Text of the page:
An Evolution of Hate Crime
Once a week, my mother goes out to shop for essentials at local food markets.
Once a week, my mother goes out to shop for essentials at local food markets. My siblings and I help her assemble her armor: gloves, a heavy-duty mask, sunglasses, three layers of jackets, and, oddly out of place, a little black and yellow bottle that we’ve attached to her keys, labeled in all caps, “PEPPER SPRAY.” On her petite frame, all this seems like too much, yet this is all necessary precaution – against Coronavirus Disease 2019 (COVID-19) itself, but also the violence the virus has caused. As the number of confirmed cases and deaths due to the coronavirus pandemic continues to rise in the US, wreaking havoc on the economy, jobs, and lives of many people, there has been a marked rise of violent hate crimes towards those of Asian descent throughout the US. Across social media, there has been a horrifying number of posts and videos of bruised, bleeding men and women, warning fellow Asians to stay safe when walking the streets. My mother is lucky to not have been the subject of one of those posts so far, but it frightens me that the prospect of her becoming a victim is not elusive.
A large part of the issue stems from many’s struggles to bridge the disconnect between news and reality. No longer is the disease something we passively watch on the screen, with commentators talking about people halfway across the world. Rather, they are talking about the disease spreading here in the US. After just a few months, the virus that originally caused simple internet memes is now causing mass chaos fueled by a myriad of misinformation found online. The panic and fear that pushes people to buy toilet paper and hand sanitizer in bulk is the same hysteria that causes these xenophobic crimes. For some, Chinese people are quite literally the physical embodiment of the virus—we are a constant reminder of the harsh reality that is now knocking at their door.
Though the fear of COVID-19 is certainly responsible for many of these hate crimes, the pandemic also reveals an underlying bias and ignorance towards Asian people that had previously been hidden. China’s 2002 outbreak of Severe Acute Respiratory Syndrome (another fatal respiratory illness) and now COVID-19 have reignited age-old racist insults against Chinese people, leading to exaggerated concerns about China’s hygiene and “medieval” food practices. Many paint Chinese people as diseased and primitive, wholly responsible for the virus’s spread around the globe. While Chinese people specifically have been blamed for this crisis, all Asians have been targets of these attacks, revealing underlying. The practice of scapegoating—blaming one community for a tragedy occurring to all—is nothing new. We have seen how society reacts whenever a national disaster occurs and we have seen where this trend leaves us. Widespread paranoia often snowballs into situations similar to the kind Muslim-Americans faced after the terrorist attacks of September 11, 2001.
Unlike 2001, however, where President George W. Bush repeatedly urged the nation against blaming Muslim-Americans for the tragedy, President Trump has instead increased tensions in the U.S. with his xenophobic comments. In recent weeks, Trump called the global pandemic a “Chinese virus,” refusing to acknowledge the negative effects of his words. Trump's participation in such discriminatory trends only makes matters worse, encouraging anti-Asian violence to spread even further. Media coverage, too, has increasingly exacerbated the situation, playing into the public’s growing alarm for more views. Many stories refer to the COVID-19 as “Wuhan coronavirus,” “China coronavirus,” or “killer virus.” In February of 2020, a LexisNexis UK database of almost 100 high-circulation newspapers from around the world reported that 1,066 articles mentioned “fear” or related words, including “afraid.” Using such language is more harmful than it seems. Panic spreads faster than the actual disease, and linking coronavirus to geographic regions or fear-inducing adjectives stimulates prejudice and discrimination against Chinese people. Our president’s dismissive attitude towards the negative effects of his words only condones the usage of such terms and harassment of Asians, promoting a culture of distrust and finger-pointing in America.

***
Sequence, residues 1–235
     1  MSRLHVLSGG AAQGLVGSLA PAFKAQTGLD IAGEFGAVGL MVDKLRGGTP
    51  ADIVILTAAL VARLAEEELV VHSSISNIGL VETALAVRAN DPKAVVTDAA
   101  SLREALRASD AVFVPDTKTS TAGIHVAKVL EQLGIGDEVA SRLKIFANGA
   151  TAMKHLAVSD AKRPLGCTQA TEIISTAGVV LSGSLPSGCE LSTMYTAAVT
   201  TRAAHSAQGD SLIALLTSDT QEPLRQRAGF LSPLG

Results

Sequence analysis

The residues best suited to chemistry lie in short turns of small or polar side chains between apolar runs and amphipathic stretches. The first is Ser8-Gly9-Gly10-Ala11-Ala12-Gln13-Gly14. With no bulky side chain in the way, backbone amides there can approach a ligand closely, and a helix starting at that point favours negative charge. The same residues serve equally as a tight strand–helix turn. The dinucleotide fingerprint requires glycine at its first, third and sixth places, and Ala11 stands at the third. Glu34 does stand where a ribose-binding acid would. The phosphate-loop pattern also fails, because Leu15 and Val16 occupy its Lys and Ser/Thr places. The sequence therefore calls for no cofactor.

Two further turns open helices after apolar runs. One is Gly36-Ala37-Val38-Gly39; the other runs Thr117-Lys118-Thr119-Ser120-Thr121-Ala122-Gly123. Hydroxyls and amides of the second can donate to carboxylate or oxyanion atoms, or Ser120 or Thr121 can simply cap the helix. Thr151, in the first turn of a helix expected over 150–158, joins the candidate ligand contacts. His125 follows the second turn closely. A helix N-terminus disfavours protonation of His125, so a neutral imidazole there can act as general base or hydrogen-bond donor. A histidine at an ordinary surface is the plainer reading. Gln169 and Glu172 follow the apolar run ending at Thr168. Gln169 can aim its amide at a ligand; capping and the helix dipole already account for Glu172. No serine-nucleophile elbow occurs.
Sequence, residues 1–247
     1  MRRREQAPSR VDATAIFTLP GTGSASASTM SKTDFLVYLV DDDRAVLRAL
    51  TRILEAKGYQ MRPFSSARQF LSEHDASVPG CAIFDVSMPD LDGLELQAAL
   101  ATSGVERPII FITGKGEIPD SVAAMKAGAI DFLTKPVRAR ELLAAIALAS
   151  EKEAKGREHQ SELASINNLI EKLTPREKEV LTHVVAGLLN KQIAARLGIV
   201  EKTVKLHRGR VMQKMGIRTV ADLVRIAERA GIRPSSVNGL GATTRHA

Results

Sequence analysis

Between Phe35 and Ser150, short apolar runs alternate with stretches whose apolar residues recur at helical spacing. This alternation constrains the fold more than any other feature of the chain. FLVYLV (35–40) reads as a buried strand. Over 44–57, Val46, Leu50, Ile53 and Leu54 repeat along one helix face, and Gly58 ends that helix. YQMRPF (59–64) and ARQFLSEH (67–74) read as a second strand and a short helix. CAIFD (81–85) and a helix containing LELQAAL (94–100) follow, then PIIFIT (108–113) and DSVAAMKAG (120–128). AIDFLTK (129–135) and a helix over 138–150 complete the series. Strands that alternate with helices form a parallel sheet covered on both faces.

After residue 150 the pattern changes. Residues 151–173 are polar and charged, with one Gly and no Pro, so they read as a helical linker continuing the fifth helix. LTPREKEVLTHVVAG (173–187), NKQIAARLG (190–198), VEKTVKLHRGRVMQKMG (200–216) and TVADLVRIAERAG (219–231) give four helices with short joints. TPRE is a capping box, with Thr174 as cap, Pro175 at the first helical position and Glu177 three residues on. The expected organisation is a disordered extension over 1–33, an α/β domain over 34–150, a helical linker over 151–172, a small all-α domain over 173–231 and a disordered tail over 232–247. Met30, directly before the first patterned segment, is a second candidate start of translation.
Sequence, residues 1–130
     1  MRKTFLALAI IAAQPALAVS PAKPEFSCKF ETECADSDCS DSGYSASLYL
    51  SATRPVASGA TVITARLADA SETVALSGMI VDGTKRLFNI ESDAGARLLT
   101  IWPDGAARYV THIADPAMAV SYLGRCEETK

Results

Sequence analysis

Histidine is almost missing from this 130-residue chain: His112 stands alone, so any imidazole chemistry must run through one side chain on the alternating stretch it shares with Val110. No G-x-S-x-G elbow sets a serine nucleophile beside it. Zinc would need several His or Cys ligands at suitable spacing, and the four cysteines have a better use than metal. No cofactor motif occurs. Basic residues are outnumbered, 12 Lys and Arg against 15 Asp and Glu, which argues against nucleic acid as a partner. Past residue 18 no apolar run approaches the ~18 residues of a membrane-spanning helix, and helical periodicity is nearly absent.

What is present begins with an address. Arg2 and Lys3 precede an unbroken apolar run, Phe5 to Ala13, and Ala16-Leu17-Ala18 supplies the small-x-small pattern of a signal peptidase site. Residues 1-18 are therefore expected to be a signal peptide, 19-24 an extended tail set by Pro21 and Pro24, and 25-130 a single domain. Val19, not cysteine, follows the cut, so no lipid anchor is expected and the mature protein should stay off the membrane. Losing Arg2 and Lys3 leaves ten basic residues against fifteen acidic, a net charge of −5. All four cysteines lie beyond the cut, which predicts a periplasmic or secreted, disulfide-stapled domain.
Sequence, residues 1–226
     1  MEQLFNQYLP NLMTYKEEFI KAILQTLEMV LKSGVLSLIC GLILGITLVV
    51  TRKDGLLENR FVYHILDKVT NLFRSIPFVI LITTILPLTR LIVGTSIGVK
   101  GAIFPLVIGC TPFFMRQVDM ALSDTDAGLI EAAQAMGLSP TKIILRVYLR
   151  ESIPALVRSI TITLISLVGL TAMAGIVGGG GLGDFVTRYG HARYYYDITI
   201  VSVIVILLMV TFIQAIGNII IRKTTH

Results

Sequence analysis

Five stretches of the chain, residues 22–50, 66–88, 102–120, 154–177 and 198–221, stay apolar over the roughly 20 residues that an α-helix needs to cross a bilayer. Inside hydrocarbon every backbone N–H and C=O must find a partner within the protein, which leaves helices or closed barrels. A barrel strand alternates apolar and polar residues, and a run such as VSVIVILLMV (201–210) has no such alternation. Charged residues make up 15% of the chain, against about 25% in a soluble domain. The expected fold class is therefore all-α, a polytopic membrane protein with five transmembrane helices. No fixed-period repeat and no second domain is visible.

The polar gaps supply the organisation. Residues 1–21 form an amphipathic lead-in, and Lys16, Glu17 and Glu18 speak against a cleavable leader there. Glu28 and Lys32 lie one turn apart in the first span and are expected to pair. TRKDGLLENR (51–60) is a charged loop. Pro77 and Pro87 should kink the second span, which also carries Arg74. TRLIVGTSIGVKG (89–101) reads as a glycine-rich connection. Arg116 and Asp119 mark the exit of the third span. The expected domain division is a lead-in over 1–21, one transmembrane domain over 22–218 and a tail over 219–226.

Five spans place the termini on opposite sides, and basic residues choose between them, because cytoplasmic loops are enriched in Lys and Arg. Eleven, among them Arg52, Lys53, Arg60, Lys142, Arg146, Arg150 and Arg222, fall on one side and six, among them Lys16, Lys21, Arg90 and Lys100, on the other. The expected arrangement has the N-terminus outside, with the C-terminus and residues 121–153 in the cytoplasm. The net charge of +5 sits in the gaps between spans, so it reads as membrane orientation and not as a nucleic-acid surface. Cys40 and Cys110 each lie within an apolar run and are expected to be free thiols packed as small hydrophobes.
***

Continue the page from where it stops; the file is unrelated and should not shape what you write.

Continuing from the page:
Is that it? Is this what our society has come to? Perhaps there is more we can hope for in this society. Rather than allowing this crisis to disintegrate our solidarity, it could be a uniting factor, bringing us together into one large community, battling against the virus as one, and helping those in need. Already in the medical community, there has been an increase in international collaboration of research in hopes of discovering a cure for COVID-19, proving that, contrary to popular opinion, it is possible to overcome our biases and come together. Upon seeing other collaborative efforts, it is clear that the U.S. does not have to continue its trend of resorting to xenophobia and racism during a crisis. As global citizens, we must see beyond our fear to recognize the humanity in every single person. Countries must be able to hold the media accountable for negatively portraying the disease and stoking the panic in order to reduce racially motivated violence. As Lawrentians, while we have experienced little anti-Asian hate on campus, we, too, must be mindful of our language with respect to the Asian community.